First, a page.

The cytokine TGFβ induces an EMT (1) in the normal murine mammary NMuMG cells initiated by the rapid increase in Snail1 expression (31, 32). Interestingly, the expression of USP27X was also strongly upregulated by TGFβ both at mRNA and protein levels (Fig. 6A and B). Snail1 protein levels were not stimulated by TGFβ in USP27X KO cells (Fig. 6A). Accordingly, the Snail1 downstream target fibronectin was upregulated at 24 hours of treatment in WT but not in USP27X KO cells (Fig. 6A). The inability of TGFβ to promote an EMT in USP27X KO cells was not due to a general inhibition of TGFβ signaling because phospho-Smad2 was increased in both WT and KO cells (Fig. 6A). In accordance with the induction of Snail1 and fibronectin by TGFβ, this cytokine significantly boosted migration and invasion through Collagen I (4-fold and 6-fold, respectively, in TGFβ treated vs. control cells); this stimulation was completely abrogated in USP27X KO cells (Fig. 6C). The absence of USP27X also affected other genes modulated by TGFβ downstream of Snail1: Cdh1 RNA was much more rapidly repressed in WT cells upon TGFβ treatment than in USP27X KO cells, whereas the mesenchymal marker Zeb1 showed a much higher rise in WT cells than in USP27X KO cells (Fig. 6D). Snai1 mRNA increased in a time-dependent fashion in both WT and KO cells (Fig. 6D), reinforcing the idea that KO cells respond to TGFβ similar to WT cells. In fact, the upregulation of Snai1 mRNA by TGFβ was even higher in USP27X KO than in WT cells, suggesting the existence of a Snail1 self-regulatory inhibition (33). Confocal immunofluorescence analysis also showed that USP27X, Snail1, and fibronectin were upregulated by TGFβ in control but not in USP27X KO cells (Fig. 6E). Both USP27X and Snail1 were preferentially nuclear in TGFβ-treated cells, although they also showed a partial cytoplasmic localization (Fig. 6E). Finally, ectopic expression of USP27X, either the 50 kDa or 72 kDa forms in NMuMG cells recapitulated the EMT program triggered by TGFβ because it increased Snail1, fibronectin, and N-cadherin expression (Fig. 6F and G).
The TGFβ/Snail1 axis is also required for fibroblast activation (20). Similarly to that observed in epithelial cells, TGFβ also increases USP27X and Snail1 in control MEFs and in mCAFs obtained from PyMT-MMTV breast tumors (Figs. 7A and B) but not in MEFs KO for USP27X or mCAFs after silencing of USP72X by siRNA. In both cell systems, USP27X depletion also affected the upregulation of fibronectin (Fig. 7A and B) and cell invasion (Fig. 7C and D) by TGFβ. Altogether, these results indicate that Snail1 protein stabilization by USP27X is a key event to develop a full EMT and fibroblast activation in response to TGFβ.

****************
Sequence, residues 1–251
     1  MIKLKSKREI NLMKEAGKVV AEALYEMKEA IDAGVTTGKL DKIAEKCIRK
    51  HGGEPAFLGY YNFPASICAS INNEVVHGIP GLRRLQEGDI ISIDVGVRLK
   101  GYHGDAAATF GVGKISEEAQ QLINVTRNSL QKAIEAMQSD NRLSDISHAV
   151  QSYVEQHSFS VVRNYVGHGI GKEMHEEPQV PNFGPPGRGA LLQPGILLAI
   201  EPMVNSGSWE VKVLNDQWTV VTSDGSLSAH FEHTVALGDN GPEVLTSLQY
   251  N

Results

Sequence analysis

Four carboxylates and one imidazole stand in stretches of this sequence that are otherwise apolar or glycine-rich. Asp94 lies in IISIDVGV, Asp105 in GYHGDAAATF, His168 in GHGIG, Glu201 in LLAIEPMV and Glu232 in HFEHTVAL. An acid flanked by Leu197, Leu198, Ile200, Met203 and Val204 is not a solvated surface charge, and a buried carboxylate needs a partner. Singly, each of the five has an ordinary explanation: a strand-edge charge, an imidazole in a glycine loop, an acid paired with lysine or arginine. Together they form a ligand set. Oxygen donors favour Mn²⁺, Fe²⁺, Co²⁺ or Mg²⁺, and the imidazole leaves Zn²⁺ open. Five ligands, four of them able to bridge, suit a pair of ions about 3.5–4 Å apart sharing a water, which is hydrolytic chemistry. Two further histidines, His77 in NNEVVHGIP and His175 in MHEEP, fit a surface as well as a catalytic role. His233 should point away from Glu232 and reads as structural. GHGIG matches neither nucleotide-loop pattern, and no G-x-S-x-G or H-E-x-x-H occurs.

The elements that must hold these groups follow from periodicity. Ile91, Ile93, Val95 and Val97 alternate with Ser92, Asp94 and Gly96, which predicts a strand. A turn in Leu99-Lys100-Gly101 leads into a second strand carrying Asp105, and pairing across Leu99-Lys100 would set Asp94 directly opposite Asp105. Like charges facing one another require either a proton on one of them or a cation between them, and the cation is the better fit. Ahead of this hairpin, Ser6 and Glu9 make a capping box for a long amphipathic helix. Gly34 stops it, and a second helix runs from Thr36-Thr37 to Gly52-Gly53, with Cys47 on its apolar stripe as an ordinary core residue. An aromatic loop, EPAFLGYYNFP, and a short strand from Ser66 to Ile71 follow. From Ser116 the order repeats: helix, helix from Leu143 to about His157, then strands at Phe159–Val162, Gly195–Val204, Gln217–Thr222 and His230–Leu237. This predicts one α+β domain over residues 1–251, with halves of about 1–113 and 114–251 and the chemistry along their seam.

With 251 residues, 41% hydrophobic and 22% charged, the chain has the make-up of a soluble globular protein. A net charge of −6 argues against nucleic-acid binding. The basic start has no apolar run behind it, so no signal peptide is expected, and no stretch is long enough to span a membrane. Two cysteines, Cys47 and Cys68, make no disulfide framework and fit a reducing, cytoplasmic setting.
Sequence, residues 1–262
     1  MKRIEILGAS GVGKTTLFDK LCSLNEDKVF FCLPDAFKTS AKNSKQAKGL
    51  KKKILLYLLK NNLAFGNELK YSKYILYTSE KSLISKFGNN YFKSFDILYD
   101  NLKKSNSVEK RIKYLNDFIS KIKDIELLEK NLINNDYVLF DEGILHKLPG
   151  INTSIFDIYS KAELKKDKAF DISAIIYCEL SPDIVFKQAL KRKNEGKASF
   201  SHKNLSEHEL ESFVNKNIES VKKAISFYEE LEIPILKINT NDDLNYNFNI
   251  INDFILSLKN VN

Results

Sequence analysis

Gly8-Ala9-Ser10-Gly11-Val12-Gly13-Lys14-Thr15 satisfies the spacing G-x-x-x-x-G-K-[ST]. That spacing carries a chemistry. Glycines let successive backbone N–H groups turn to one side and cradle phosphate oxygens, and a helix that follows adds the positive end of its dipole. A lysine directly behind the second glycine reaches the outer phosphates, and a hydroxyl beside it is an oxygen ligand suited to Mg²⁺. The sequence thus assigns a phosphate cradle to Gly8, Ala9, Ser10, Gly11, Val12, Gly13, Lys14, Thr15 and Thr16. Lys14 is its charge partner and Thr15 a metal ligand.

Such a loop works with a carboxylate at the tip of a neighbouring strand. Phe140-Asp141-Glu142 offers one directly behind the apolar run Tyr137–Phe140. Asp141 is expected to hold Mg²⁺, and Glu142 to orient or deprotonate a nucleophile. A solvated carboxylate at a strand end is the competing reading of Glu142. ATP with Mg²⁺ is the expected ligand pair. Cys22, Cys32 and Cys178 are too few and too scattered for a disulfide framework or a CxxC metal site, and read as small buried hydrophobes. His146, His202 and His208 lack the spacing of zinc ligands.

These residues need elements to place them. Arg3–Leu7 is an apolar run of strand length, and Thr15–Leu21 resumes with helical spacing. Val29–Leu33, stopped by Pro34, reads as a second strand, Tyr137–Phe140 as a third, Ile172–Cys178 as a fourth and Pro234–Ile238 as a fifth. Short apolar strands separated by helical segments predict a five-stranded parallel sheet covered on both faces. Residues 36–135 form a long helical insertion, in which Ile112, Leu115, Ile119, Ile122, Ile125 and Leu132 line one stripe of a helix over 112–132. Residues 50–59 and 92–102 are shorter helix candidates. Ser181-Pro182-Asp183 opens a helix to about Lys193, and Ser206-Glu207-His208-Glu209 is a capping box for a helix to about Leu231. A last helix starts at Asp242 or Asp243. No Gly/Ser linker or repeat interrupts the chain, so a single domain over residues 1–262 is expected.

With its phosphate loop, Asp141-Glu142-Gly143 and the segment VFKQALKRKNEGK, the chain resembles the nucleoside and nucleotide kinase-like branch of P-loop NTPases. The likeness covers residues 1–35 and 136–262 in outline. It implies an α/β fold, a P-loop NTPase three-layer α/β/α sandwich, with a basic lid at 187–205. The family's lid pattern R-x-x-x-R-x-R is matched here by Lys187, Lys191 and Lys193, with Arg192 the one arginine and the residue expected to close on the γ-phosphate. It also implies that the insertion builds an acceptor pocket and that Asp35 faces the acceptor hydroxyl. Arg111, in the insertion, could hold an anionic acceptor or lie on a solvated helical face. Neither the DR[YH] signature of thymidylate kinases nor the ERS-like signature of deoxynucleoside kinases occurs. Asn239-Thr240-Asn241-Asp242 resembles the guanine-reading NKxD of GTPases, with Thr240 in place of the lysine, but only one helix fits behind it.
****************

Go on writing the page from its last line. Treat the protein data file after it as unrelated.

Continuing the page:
USP27X and Snail1 protein expression correlates in tumors
A transcriptomic analysis of USP27X in a public database showed a significant increase in patients with breast, pancreatic, and colorectal cancer (Supplementary Fig. S8). Because of the high expression of USP27X in breast cancer cell lines, we also analyzed the expression in a panel of 27 patient-derived xenografted (PDX) human breast tumors corresponding to HER2+ and triple-negative breast neoplasms (TNBC). PDXs recapitulate and preserve most of the traits from the patient sample at the transcriptomic, epigenomic, and histologic levels (34). Western blot (Fig. 7E) and densitometric analysis (Fig. 7F) showed a significant correlation between Snail1 and USP27X in TNBC but not in HER2+ tumors. These results reinforce the hypothesis that Snail1 requires USP27X to be efficiently expressed in TNBC cells.
In this article, we have identified USP27X as a highly active Snail1 DUB using an siRNA functional screening. This approach has been shown to be a valuable tool to characterize new kinases and ubiquitin ligases controlling Snail1 protein stability (12, 23, 35). Besides USP27X, three other DUBs were identified in our screening—MPND, VCPIP1, and OTUD7A/CEZANNE2—that stabilized Snail1, although they did not associate with this factor in coimmunoprecipitation experiments. However, MPND and Cezanne2 slightly interact with Snail1 after proteasome inhibition (Supplementary Fig. S2C), suggesting that accumulation of polyubiquitinated Snail1 might favor the association with these particular DUBs. They might also regulate Snail1 indirectly, as indicated above or even controlling the stability of USP27X. Curiously, our screening also detected other DUBs depletion of which enhances Snail1-F-Luc/R-Luc (Fig. 1A). Probably, these DUBs might remove other ubiquitination events that have been associated with Snail1 stability, such as Snail1 K63 polyubiquitination mediated by Pellino E3 ligase (36) or A20-dependent Snail1 multimonoubiquitination (37).
Snai1l ubiquitination occurs in the cytoplasm by the highly active ubiquitin ligases β-TrCP1 (Fbxw1) and Fbxl14, or in the nucleus, by Fbxl5 or Fbxo11 (9). Wherever Snail1 ubiquitination takes place, inhibition of nuclear export stabilizes Snail1, suggesting that degradation happens in the cytosol (9). USP27X contains a nuclear localization signal (22) and target nuclear substrates such as histone H2B or the transcription factor Hes1 (22, 27). Accordingly, USP27X might act on both nuclear and cytosolic Snail1; however, our data suggest that Snail1 deubiquitination likely occurs in the cytoplasm. This hypothesis is supported by experiments showing a strong stabilization of Snail1-SD mutant that is mostly localized in the cytosol and by immunofluorescence analyses showing USP27X presence in both the nucleus and cytosol. USP27X action in the cytosol has also been demonstrated by other authors (24). However, we cannot discard the possibility that nuclear deubiquitination also contributes to Snail1 stability by blocking nuclear export and favoring Snail1 nuclear retention. Regardless of whether Snail1 deubiquitination happens in the nucleus or cytosol, in both cases it contributes to Snail1 stability.